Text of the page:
Foreign Policy Expected To Dominate U.S. Midterm Elections
Washington File Staff Writer
Washington - More so than at any other time since the Vietnam War era in the late 1960s and early 1970s, foreign policy is the dominant issue for midterm elections being held in the United States on November 7, says a political analyst from the Council on Foreign Relations.
Nancy Roman, vice-president and director of the independent, nonpartisan organization's Washington Program, said in an October 23 interview that most U.S. midterm elections reflect citizens' concerns over such domestic issues as jobs, education, highways and taxes.
She agreed with another political commentator, syndicated columnist George Will, who said that midterm elections serve as a way to "take the nation's temperature" on whether the country is moving in the right direction, while every four years the nation selects a president responsible for formulating domestic and foreign policy.
Roman said that "as someone who loves U.S. congressional politics and follows them professionally and as an avocation, [I can say that] the midterms always have a strong domestic component, and the 2006 elections will too."
Midterm elections occur in the United States every four years, between presidential elections, when voters elect legislators to serve in the U.S. House of Representatives as well as one-third of the members of the Senate. (See related article.)
Roman said that what makes the 2006 midterms different is the number of foreign policy issues "that tend to be registering [with the voters] when you do public opinion polls. When you ask people what they most care about, Iraq is the Number 1 single issue. Not since Vietnam is there a foreign policy issue that would dominate" the political discussion.
Foreign policy concerns with Iran, North Korea and nuclear proliferation also rank high in voter interest, said Roman.
"Definitely, foreign policy is something the voters are paying closer attention to" in 2006 "than they traditionally do" for the midterms, said Roman.
She said the midterms historically have affected U.S. presidential elections held two years later, and the 2006 vote is likely to have a similar effect. The midterm vote between presidential elections, she said, works as a type of "correction" for electoral politics, in that the American electorate often prefers to have divided government, meaning that one political party should not hold sway over both the executive and the legislative branches.
Roman predicted the public might impose a "check" on Republican President George Bush by making the Democrats the majority party in at least one congressional chamber. This would follow the precedent of the "mid-course correction" of 1994 when the public "wanted a check" on Democratic President Bill Clinton and elected Republicans to take control of both houses of Congress for the first time since 1954.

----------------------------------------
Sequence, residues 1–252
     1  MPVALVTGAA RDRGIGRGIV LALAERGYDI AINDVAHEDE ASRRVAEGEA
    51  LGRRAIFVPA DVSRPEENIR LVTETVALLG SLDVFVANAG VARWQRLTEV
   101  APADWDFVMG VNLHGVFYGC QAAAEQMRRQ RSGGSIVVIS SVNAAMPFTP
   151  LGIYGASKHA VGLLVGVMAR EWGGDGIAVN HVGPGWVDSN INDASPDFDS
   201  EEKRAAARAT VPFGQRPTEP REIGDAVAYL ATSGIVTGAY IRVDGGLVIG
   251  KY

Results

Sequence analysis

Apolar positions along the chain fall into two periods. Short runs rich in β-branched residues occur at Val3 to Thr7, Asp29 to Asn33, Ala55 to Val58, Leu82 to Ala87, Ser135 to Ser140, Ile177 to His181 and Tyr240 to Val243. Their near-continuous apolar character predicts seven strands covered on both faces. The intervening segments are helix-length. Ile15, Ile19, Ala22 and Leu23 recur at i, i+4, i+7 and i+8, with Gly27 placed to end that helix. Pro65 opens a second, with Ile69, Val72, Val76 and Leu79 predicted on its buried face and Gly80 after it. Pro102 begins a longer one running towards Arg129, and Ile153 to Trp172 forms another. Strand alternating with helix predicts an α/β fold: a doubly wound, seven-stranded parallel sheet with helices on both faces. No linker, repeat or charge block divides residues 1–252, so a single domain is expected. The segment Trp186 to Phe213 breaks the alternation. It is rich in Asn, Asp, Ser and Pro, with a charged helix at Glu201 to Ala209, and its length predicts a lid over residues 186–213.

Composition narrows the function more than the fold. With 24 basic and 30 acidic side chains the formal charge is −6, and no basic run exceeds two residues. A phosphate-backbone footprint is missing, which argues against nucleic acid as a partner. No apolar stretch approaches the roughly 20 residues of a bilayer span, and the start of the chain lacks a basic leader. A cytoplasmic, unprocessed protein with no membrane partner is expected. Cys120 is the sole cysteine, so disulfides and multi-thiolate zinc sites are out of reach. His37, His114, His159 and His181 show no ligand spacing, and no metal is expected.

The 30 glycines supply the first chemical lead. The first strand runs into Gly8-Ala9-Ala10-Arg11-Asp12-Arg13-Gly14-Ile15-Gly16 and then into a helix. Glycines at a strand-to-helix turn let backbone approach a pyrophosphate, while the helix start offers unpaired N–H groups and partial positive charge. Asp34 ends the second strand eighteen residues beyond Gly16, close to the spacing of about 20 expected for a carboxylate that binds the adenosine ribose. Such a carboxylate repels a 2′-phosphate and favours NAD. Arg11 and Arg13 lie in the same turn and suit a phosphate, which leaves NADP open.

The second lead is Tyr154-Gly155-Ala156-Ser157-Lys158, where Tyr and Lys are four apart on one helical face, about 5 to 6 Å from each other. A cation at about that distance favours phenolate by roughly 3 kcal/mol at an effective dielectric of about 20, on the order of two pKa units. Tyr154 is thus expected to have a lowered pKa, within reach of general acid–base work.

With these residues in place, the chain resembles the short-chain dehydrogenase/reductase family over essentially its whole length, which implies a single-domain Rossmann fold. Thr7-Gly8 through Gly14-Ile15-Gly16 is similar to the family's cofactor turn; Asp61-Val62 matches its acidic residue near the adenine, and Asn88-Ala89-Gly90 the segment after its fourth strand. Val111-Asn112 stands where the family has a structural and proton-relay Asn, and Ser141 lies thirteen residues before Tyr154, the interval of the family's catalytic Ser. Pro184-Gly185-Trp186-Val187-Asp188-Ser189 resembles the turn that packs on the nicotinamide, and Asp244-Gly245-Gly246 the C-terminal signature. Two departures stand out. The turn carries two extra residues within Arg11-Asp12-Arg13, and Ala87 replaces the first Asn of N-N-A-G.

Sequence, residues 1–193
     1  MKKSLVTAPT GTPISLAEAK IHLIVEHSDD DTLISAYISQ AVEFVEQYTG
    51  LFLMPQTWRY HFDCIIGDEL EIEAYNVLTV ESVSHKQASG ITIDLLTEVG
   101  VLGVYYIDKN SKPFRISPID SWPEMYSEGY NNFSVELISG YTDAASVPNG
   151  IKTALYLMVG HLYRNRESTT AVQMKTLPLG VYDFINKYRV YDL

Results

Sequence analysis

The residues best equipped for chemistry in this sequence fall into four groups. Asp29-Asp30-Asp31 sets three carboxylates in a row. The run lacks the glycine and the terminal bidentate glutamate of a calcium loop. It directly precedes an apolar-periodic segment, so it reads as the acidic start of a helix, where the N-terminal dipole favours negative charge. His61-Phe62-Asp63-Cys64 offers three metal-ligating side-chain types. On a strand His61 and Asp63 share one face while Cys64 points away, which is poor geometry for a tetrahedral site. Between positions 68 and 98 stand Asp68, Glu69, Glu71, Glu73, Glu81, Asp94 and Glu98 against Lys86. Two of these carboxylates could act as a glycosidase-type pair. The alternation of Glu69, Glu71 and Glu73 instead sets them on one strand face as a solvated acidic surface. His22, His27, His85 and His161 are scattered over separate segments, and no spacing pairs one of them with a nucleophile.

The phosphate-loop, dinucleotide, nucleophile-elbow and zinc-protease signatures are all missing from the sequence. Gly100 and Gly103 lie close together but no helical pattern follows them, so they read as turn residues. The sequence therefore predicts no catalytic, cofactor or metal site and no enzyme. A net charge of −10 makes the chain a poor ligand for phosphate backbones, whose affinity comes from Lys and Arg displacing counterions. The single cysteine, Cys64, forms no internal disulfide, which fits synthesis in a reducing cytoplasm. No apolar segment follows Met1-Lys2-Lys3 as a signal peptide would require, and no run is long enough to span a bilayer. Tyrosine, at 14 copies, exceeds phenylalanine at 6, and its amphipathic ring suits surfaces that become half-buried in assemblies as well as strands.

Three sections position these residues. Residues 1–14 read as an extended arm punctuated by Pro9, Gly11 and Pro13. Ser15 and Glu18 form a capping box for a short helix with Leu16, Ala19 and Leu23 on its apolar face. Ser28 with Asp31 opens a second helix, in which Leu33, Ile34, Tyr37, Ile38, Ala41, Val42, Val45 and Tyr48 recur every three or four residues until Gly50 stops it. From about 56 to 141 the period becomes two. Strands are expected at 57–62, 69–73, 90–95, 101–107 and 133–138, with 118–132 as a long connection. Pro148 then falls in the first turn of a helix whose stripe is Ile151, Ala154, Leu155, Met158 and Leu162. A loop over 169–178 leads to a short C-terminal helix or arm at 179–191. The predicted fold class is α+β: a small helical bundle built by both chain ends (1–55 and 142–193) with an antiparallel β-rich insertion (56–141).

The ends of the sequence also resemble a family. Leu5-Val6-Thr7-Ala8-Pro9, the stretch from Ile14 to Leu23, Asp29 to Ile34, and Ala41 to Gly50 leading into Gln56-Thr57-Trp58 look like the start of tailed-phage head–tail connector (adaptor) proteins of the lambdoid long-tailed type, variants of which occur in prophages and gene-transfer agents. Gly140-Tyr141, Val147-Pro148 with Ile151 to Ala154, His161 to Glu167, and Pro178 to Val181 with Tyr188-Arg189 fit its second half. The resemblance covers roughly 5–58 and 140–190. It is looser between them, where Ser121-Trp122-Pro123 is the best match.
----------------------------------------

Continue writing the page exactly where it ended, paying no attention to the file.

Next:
Roman said, however, that she does not see the 2006 midterms having a huge bearing on U.S. foreign policy over the next two years, no matter which political party gains control of Congress.
The "difficult problems" the United States faces "are difficult no matter who is in charge," she said. Roman added that if the Democrats gain control of Congress, there might be more congressional hearings and scrutiny about Iraq, and with the public "striving for a reduced U.S. engagement in Iraq, there will be political pressure on that end."
In terms of how quickly U.S. troops might be withdrawn from Iraq, "I don't think there will be a big difference," because it is the White House, in conjunction with the U.S. military, that is making decisions on the number of troops in that country, she said.
Another political analyst, Jennifer Duffy, editor of the Washington-based Cook Political Report, said in an interview that the midterm elections could serve as an outlet for voter dissatisfaction with the party in power.
She described that phenomenon as the "six-year-itch," when voters show that dissatisfaction in the middle of the incumbent president’s second four-year term. She cited the year 1958 when the Republicans lost 48 House seats and 13 Senate seats six years after their party's candidate, Dwight Eisenhower, won the presidency.
Duffy said a similar big loss for the Democrats occurred in 1966, six years after Democrat John F. Kennedy won the presidency; and for the Republicans in 1974 and 1986. One of the exceptions to the six-year-itch rule occurred in 1998 when Democrats gained seats in the Congress in the middle of Bill Clinton’s second term.
Duffy said 2006 is "definitely a six-year-itch election" when the Democrats are considered likely to make gains in the Congress six years into George W. Bush’s presidency.
Another observer of the U.S. political scene, Merle Black of Emory University in Atlanta, said there is nothing unusual about the voter's focus on Iraq and the "War on Terror." "You would expect that" in 2006, the same as with elections held during World War II, the Korean War and the Vietnam conflict, he said in an interview.
President Bush is not campaigning before large audiences in 2006, which represents a marked change from the 2002 midterms, when the president had higher approval rates among voters than he enjoys in 2006, Black said.
He said he doubted, however, that the midterms of 2006 would foreshadow the presidential race in 2008. He points out that in 1994 the Republicans gained control of both houses of Congress, but two years later, Democrat Bill Clinton easily won re-election.
The successful candidate in the 2008 presidential race, he said, "depends on unknown events" that will occur in the two years between the midterms and the presidential race.
"Two years is a long time in politics," he said, adding with a chuckle: "We don't know the future. I don't [even] know what's going to happen the rest of the afternoon."
For more information, see 2006 Midterm Elections.